Kitchen gadgets: You don't really need a brownie edge pan

It makes better brownies, but not by much.

By Farhad Manjoo

Published December 20, 2007 12:30PM (EST)

Like other items I've reviewed in my week-long roundup of kitchen gadgets, the Baker's Edge brownie pan has the look of an infomercial product -- at once brilliant and hare-brained, suggesting either greatness or great failure. A brownie pan that makes only edge pieces? The mystery is alluring: You feel you've got to try it to see where it goes.

So far this week, I've raved about the Back to Basics Egg & Muffin Toaster, but I've been less than bowled over by the Aerogarden indoor herb garden and Blendtec's iPhone-blending Total Blender.

After testing it against a traditional brownie pan -- i.e., a $5 model from the supermarket -- I'm lumping the edge pan along with the other things I've been lukewarm about.

True, the Baker's Edge brownies were slightly better than those I made in the cheapo pan; they felt more structurally sound, and the taste and texture was more consistent through the whole batch (I mean, every piece was more or less the same, while the standard pan's brownies differed in density and moistness depending on where in the slab you got them from).

And for $34, the Baker's Edge pan won't break your bank. Indeed, the pan, up close, looks like it should command some bucks. Cast out of heavy gauge aluminum, it feels weighty and durable. The internal crevasses -- set there to create at least two edges for each piece -- are constructed out of the same sheet of metal as the rest of the dish (rather than soldered on cheaply at the end). Included, too, is a handy plastic spatula shaped to the pan; it lets you quickly cut your brownie into bitty pieces.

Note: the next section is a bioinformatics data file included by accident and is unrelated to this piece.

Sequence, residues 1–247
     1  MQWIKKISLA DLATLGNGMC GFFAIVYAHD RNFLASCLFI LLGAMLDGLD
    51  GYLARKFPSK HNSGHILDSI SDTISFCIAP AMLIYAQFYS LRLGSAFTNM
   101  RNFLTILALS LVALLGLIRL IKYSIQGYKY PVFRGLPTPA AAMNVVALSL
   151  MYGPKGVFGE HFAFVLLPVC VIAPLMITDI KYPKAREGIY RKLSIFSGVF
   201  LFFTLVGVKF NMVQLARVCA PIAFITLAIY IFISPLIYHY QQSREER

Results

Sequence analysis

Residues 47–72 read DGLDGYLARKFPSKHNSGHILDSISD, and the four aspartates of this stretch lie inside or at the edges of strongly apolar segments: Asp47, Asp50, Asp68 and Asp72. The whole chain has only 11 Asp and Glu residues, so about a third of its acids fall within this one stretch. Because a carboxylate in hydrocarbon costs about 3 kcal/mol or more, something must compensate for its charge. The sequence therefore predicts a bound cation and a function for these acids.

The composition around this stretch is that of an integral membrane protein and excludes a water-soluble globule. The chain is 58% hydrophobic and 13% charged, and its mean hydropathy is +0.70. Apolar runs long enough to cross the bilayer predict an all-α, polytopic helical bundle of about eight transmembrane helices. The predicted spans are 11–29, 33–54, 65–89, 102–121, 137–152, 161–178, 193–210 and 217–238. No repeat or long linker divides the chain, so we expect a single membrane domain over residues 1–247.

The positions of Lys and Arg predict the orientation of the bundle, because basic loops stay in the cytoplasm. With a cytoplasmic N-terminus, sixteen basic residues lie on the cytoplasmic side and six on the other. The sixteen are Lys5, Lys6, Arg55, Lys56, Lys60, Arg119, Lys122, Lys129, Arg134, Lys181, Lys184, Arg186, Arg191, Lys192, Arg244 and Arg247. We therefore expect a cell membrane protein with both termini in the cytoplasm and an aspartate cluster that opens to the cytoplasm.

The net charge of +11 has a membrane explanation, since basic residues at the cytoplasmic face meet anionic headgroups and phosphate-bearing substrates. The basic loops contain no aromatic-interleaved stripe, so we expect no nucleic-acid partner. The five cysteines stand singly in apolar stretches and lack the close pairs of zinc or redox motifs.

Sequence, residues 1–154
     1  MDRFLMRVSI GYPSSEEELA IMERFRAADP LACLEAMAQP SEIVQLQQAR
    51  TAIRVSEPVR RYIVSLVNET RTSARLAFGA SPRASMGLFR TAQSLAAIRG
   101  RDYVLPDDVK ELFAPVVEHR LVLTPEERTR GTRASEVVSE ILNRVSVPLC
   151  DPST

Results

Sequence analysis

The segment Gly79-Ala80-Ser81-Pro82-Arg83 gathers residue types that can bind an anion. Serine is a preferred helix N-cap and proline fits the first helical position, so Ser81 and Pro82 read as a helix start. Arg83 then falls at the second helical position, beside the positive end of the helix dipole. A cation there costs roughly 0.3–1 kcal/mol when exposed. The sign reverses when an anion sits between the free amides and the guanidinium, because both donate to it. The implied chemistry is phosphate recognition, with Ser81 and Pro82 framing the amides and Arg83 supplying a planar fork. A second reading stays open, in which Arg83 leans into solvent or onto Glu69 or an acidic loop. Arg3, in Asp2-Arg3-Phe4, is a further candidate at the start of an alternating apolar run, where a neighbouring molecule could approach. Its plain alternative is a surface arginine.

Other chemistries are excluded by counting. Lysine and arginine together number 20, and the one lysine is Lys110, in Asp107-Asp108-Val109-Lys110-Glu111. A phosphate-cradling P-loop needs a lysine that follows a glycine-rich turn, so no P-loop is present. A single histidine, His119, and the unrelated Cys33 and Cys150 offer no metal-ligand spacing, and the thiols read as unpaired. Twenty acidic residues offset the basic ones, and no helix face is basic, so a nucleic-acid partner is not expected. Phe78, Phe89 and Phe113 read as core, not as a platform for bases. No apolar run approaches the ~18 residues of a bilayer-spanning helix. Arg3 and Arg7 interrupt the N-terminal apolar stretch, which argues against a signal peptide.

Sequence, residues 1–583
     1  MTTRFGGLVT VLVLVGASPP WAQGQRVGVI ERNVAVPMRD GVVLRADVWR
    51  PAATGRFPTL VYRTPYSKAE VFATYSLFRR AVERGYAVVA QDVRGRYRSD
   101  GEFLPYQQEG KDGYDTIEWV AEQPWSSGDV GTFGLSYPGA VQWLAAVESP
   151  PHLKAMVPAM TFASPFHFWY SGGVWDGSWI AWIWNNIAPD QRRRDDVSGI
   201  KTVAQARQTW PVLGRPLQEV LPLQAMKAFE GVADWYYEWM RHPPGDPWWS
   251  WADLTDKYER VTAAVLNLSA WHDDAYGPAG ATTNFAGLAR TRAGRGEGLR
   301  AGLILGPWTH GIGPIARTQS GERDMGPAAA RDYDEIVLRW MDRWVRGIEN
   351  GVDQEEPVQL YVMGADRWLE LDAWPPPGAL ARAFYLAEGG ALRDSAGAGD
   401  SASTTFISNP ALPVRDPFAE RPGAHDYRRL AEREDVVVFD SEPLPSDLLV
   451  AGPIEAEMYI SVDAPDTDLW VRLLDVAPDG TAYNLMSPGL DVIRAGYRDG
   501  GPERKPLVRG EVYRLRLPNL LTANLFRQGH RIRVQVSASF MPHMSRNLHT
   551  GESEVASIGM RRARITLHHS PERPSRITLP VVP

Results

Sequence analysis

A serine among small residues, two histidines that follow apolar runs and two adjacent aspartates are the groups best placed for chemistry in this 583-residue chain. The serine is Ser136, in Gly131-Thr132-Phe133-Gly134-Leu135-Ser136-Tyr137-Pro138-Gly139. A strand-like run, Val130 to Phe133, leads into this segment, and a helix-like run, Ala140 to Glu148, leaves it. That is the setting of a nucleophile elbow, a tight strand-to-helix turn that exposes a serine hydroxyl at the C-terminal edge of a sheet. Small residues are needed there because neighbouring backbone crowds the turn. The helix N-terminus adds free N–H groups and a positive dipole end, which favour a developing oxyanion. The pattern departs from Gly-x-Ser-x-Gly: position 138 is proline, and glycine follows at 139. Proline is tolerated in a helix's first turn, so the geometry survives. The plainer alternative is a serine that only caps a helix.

But the key words here are "slightly better." I baked both batches of brownies from the same recipe -- Cook's Illustrated's -- in the same oven for about the same baking time. (The ones in the edge pan were done about two minutes faster, according to the toothpick test; the manual warns that you'll have to adjust some of your recipes' baking times).

Once I'd cut up the brownies from both batches into the same plate, they were virtually indistinguishable. I can think of many other factors -- the recipe, chocolate quality, baking time, oven calibration -- that would have made a bigger difference to the final product.

Get one if you're addicted to the edges. (But you'll have to wait; the company says demand is so high it'll be short of stock until next year.) If you simply want to make great brownies, a better bet is to use a great recipe.

Farhad Manjoo

Farhad Manjoo is a Salon staff writer and the author of True Enough: Learning to Live in a Post-Fact Society.

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